Do's and don'ts for interpersonal communication

2016 11 18 14 42 01 206 Practice Success2 400

Social media, online shopping, and many other aspects of modern life have greatly reduced the amount of face-to-face contact between people. As a result, many of us forget that what someone is thinking or that feelings are often communicated not so much in words but in one's body language. Your work as a dentist puts you in direct personal contact with patients, so you should learn to "read" what their body language is telling you.


Study the patient. Body language can be complex, and a person's ability to read it can range from rudimentary to masterful. You can find several online courses and videos on the subject. You may want to start with some basic instruction, then practice "reading" the body language of patients, staff members, and others in your life.


Don't forget about your body language. You also send out messages -- probably without realizing it -- with your body language. With training, you can control the subliminal messages you're projecting, which can give you an advantage in dealing with conflict resolution, case presentations, and other interpersonal situations.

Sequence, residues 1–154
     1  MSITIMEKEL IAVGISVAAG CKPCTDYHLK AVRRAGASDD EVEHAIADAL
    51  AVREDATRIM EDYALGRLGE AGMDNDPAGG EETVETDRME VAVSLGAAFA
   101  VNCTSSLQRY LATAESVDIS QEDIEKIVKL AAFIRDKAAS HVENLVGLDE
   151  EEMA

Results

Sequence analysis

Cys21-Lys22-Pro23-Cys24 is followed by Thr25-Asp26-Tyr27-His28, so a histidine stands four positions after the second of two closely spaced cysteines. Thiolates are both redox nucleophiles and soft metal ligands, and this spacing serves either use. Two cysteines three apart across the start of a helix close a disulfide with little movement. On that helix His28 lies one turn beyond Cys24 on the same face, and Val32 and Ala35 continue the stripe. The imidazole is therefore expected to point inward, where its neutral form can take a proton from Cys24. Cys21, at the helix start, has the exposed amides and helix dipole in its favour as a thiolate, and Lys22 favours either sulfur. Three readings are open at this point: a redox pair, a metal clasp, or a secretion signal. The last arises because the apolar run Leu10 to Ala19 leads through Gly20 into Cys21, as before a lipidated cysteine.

Dr. Roger P. Levin is CEO of Levin Group, a leading practice management and marketing consulting firm. To contact him or to join the 40,000 dental professionals who receive his Practice Production Tip of the Day, visit or email

The comments and observations expressed herein do not necessarily reflect the opinions of, nor should they be construed as an endorsement or admonishment of any particular idea, vendor, or organization.

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